Bookstores, which pride themselves on freedom of expression, have been stocking the book, although some more reluctantly than others. While a spokeswoman for the superstore chain Borders Group Inc., said, "our primary commitment is to let customers choose what to buy," a manager at New York's Coliseum Books acknowledged that he once helped talk a customer out of buying Trudeau's book.
"We don't say anything about the book unless somebody asks. But if people ask, I'm certainly frank about it," said Coliseum's Allan Kelin, who said he discussed the book's controversial history with the customer.
At Books & Books Inc. in Coral Gables, Fla., owner Mitchell Kaplan said that when he first saw Trudeau's infomercial, "I didn't have a lot of confidence in what he was saying." Still, Kaplan keeps a few copies on hand. "I just don't think it's right not to sell it," he said.
Disputed books are common in publishing, whether the political opinions of Ann Coulter or the dietary recommendations of Robert C. Atkins. But books actually pulled from shelves are usually guilty of extensive plagiarism, such as Doris Kearns Goodwin's "The Fitzgeralds and the Kennedys," or deemed a fake, like "Fragments of a Childhood 1939-1948," a Holocaust memoir by Binjamin Wilkomirski.
Amy Hertz, who heads a new imprint at Doubleday that has released a couple of health books, said she was offered the manuscript for "Natural Cures," but turned it down. She was impressed by Trudeau, but not by his book.
"It's great that he's stirring up the pot, but I just worry that you can't get enough of the answers from the book. You have to subscribe to the Web site," said Hertz, publisher of Morgan Road Books.
"I feel these kinds of books work when the author is on a mission to help and money is secondary." Trudeau's book points readers to his Web site, which charges a fee.
"I sell no products, I take no advertising," Trudeau said. "We have 500 people on staff that's being put together. Obviously you need to get information out and charge a fee."
Asked if he fears that if people subscribe and decide to follow his advice that he may end up costing their lives, Trudeau said, "I'm afraid that people will take drugs like Vioxx and 150,000 people are going to die. That's the story. People are taking drugs right now, even the American Medical Association said last year, 900,000 people died from non-prescription and prescription drugs. And that's the story that nobody wants me to talk about."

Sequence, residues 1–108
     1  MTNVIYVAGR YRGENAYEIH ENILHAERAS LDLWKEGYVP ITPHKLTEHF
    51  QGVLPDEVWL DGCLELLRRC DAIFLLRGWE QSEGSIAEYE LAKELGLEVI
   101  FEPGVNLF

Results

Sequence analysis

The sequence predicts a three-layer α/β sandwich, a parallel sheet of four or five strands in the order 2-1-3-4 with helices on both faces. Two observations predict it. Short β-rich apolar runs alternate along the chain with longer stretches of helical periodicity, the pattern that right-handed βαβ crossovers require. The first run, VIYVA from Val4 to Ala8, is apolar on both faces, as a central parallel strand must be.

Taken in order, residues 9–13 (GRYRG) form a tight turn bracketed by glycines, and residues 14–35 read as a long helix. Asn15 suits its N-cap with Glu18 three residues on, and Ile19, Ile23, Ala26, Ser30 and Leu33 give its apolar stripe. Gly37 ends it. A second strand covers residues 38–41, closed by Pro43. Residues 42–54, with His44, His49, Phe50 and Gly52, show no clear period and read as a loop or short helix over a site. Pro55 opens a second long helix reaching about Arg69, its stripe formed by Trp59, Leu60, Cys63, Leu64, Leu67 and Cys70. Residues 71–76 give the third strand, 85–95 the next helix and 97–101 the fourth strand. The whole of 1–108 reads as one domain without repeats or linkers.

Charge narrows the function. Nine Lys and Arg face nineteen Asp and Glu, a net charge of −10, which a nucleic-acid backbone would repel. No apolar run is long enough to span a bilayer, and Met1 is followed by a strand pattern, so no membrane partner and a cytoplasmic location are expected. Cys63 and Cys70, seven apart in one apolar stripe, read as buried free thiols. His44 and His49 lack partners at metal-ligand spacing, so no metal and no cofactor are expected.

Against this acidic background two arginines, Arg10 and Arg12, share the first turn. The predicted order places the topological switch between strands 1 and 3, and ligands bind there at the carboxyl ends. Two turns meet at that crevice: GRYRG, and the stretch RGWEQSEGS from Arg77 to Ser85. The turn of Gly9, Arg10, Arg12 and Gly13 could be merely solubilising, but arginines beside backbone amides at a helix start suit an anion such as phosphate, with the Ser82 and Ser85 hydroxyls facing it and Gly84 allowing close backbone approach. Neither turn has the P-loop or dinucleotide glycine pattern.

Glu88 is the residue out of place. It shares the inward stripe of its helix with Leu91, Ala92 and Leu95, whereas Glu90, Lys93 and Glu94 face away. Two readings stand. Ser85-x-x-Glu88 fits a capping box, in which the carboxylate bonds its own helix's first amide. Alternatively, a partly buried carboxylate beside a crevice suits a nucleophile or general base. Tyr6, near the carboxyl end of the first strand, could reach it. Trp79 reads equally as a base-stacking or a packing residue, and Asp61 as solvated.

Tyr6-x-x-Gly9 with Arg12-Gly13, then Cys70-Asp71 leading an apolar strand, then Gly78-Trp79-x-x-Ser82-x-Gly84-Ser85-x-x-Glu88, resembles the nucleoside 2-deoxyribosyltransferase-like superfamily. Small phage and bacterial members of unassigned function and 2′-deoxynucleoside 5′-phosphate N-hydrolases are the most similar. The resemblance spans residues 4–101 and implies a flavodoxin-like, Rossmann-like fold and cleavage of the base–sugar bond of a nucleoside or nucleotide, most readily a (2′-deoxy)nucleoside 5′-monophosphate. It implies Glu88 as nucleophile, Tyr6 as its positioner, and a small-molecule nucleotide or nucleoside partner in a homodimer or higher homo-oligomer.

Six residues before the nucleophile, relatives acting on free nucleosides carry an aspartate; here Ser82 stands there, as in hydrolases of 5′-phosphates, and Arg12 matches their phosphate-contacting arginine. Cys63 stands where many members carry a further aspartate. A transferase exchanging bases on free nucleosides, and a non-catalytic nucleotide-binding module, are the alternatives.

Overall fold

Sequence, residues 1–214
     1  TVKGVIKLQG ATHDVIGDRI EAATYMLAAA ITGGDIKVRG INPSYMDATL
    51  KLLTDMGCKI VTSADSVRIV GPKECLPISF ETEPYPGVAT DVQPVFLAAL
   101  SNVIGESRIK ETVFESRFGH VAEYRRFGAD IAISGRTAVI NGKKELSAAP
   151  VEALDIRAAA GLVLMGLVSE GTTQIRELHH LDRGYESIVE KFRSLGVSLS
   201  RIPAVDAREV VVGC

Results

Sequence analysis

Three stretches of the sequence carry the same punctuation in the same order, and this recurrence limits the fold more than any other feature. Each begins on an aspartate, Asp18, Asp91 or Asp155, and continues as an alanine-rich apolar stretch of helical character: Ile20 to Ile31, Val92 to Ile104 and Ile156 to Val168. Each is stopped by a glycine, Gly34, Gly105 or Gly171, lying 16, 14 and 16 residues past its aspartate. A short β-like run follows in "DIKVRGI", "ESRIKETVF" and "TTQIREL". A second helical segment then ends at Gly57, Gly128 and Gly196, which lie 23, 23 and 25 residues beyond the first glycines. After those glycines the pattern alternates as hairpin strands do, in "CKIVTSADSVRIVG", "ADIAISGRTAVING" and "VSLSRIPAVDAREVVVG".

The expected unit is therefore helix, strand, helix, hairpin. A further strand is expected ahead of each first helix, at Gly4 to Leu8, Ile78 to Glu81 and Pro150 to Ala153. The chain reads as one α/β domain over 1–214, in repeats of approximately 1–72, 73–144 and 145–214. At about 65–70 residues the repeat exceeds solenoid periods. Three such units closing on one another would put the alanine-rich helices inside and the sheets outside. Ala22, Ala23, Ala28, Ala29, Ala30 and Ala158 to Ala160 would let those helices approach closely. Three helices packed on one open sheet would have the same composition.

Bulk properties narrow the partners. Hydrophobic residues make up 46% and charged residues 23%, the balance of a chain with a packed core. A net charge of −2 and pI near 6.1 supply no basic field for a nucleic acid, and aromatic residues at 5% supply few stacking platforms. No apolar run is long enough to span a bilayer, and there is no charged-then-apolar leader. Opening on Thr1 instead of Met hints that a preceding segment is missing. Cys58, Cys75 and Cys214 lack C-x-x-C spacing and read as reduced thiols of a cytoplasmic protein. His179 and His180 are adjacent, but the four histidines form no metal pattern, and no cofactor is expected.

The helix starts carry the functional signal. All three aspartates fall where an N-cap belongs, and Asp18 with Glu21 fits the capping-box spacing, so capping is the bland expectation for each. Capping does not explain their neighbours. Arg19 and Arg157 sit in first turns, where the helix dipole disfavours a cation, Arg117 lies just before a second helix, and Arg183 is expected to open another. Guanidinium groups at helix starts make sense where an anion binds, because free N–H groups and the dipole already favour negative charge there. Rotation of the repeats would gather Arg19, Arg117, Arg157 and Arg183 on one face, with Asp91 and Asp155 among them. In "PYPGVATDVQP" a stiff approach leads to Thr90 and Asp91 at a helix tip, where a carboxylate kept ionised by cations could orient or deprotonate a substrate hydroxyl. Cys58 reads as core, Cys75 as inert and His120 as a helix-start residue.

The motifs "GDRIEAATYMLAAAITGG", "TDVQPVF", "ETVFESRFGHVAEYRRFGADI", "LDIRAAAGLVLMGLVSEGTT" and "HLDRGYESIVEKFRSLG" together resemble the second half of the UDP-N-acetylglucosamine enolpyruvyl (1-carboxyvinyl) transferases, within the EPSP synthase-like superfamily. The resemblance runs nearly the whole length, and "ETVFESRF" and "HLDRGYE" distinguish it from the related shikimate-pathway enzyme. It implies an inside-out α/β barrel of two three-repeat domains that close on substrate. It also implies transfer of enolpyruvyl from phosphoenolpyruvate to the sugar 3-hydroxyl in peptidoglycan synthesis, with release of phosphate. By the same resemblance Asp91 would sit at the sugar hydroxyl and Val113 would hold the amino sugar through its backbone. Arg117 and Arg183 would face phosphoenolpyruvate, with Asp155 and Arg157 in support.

David Bradford, Trudeau's attorney, referred to a chart in the book that identifies about 50 different diseases and cures; sometimes the "cure" is to go to a doctor. In one chapter, Trudeau lists vitamin E as a cure for blood clots, and infrared sauna and raw apple cider vinegar as cures for dandruff.
"He's careful to say you need to work with a licensed practitioner in certain cases. Beyond that, the thrust of the book is that you need to stop thinking about a magic patented pill," Bradford said.
Trudeau said the regulatory agencies are only acting to protect pharmaceutical companies.
"Their actions against me only show what I'm saying is true," he said.
As part of Trudeau's settlement with the FTC last year, he paid $2 million — in cash, a Mercedes-Benz and property — over an infomercial the FTC said gave misleading information.
Other products Trudeau has promoted that led to fraud charges include Exercise in a Bottle, Fat Trapper Plus and a Mega Memory System, according to the Consumer Protection Board. He also pleaded guilty to larceny in 1990 in Massachusetts after being charged with depositing $80,000 in worthless checks.
In 1991, he pleaded guilty to credit-card fraud in federal district court and was sentenced to nearly two years in prison. He also marketed multilevel distributorships for "Nutrition for Life" vitamins that generated lawsuits by at least 10 states' attorneys general in the mid-1990s. Trudeau and his partners paid at least $185,000 to settle charges that they were running an illegal pyramid scheme.